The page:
Today, the Canadian Association of Speech-Language Pathologists and Audiologists (CASLPA) expressed its disappointment at the absence of dedicated funding in the federal budget for universal newborn hearing screening programs (UNHS) to detect permanent childhood hearing loss (PCHL).
"By not providing dedicated funding for a universal newborn hearing screening program, they are missing a real opportunity to improve care while saving money," said CASLPA audiology board director, Dr. Sean Kinden.
Approximately three to five per 1,000 babies born each year in Canada have some degree of hearing loss. UNHS programs use an inexpensive and non-invasive test that can quickly and accurately screen for hearing loss in newborns. The screening process is simple and should ideally be performed before a newborn leaves the hospital. At about $35 per test, such screening is less expensive than a number of other current newborn screening tests.
Historically, only those babies with high-risk factors have been screened for PCHL, but studies estimate that nearly 50 per cent of infants with hearing loss have no high risk factors. Relying on risk assessment alone means as many as half of children with PCHL are missed. Because it is very difficult to detect PCHL based on observation alone, the absence of UNHS programs inevitably delays the identification of affected children.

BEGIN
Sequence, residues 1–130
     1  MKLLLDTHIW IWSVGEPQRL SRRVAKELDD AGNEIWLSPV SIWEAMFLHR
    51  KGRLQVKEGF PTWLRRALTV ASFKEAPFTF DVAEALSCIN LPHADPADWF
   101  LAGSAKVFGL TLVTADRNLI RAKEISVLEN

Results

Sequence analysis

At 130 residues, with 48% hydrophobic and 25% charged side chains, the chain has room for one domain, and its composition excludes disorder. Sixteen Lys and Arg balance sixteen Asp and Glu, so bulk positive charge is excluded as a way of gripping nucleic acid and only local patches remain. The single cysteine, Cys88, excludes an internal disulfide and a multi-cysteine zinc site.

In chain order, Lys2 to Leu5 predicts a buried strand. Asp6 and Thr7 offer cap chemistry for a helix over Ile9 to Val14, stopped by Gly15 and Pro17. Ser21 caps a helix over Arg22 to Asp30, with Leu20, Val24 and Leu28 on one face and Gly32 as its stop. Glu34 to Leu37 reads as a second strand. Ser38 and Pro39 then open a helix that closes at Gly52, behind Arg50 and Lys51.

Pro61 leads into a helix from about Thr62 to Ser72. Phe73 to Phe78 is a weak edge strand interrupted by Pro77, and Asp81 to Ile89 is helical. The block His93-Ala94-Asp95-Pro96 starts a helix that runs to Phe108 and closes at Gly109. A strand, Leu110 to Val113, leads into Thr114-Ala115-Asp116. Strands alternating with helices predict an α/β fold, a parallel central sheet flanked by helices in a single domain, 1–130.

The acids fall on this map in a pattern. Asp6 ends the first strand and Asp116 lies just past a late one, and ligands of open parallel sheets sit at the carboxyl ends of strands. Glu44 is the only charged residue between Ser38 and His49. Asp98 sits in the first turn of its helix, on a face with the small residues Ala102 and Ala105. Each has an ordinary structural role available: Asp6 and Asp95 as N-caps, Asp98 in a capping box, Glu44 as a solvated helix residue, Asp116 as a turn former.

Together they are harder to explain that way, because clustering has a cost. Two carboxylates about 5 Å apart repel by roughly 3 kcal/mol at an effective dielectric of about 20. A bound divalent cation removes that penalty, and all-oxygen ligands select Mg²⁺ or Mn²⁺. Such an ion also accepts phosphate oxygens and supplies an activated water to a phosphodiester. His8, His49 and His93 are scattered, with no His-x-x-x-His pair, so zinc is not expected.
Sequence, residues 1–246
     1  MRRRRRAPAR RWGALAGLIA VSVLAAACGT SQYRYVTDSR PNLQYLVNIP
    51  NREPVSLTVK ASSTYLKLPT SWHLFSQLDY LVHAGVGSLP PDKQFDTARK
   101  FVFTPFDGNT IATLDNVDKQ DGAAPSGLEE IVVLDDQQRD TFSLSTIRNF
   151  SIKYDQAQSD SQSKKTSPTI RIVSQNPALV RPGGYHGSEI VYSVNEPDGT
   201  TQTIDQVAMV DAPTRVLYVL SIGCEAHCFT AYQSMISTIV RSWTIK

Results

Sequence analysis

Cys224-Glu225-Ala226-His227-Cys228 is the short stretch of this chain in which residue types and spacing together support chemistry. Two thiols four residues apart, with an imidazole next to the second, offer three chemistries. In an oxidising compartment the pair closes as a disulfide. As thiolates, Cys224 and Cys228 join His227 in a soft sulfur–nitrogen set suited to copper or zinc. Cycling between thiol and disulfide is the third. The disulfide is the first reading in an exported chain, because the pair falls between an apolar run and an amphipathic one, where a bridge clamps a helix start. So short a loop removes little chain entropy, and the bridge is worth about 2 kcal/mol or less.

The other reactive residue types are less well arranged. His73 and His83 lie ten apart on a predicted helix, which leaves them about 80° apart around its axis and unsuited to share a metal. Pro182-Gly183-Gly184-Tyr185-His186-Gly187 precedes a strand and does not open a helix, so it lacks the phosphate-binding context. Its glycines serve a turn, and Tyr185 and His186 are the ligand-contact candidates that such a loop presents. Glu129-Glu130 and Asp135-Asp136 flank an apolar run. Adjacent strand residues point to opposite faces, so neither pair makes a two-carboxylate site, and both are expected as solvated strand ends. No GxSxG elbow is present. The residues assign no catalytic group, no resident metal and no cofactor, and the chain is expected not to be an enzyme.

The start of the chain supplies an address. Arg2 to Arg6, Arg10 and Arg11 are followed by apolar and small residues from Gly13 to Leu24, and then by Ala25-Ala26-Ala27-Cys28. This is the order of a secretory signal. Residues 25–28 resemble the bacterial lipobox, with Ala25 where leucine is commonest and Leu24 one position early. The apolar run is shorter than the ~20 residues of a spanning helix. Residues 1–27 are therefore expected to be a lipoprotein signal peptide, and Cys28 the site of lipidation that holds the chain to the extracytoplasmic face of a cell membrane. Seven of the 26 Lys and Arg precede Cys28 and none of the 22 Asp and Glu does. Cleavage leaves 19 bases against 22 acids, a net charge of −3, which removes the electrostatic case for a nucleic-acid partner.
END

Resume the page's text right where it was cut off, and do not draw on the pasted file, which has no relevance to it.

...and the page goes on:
"Undetected PCHL has been described by some researchers as a neurologic emergency," said Dr. Kinden. "Extended periods of auditory deprivation have a significant impact on a child's overall brain development and sensory integration. Deficits in speech, language, cognitive, academic, social and emotional development are expected results of untreated hearing loss. The most direct and effective way of limiting the impact of these factors is to reduce the age at which hearing loss is identified and to start intervention as early as possible."
UNHS is increasingly becoming the standard of care in many developed countries, including the United States, where 95 per cent of newborns are screened with UNHS programs. While Ontario and New Brunswick were the first to mandate UNHS programs in 2002, they remain non-existent in many areas of Canada.
"It is not a question of whether or not childhood hearing loss will be detected, but when. The later it is detected, the higher the cost will be to government," concludes Dr. Kinden. "By acting early through UNHS programs, treatment for hearing loss is less expensive and can be significantly more effective. This improves outcomes for the child and, ultimately, saves the government money. That's a win-win situation."
With more than 5,800 members, CASLPA is the only national body that supports and represents the professional needs of speech-language pathologists, audiologists and supportive personnel inclusively within one organization. Through this support, CASLPA champions the needs of people with hearing and communication disorders. Visit CASLPA at www.caslpa.ca/ or learn more at www.speechandhearing.ca/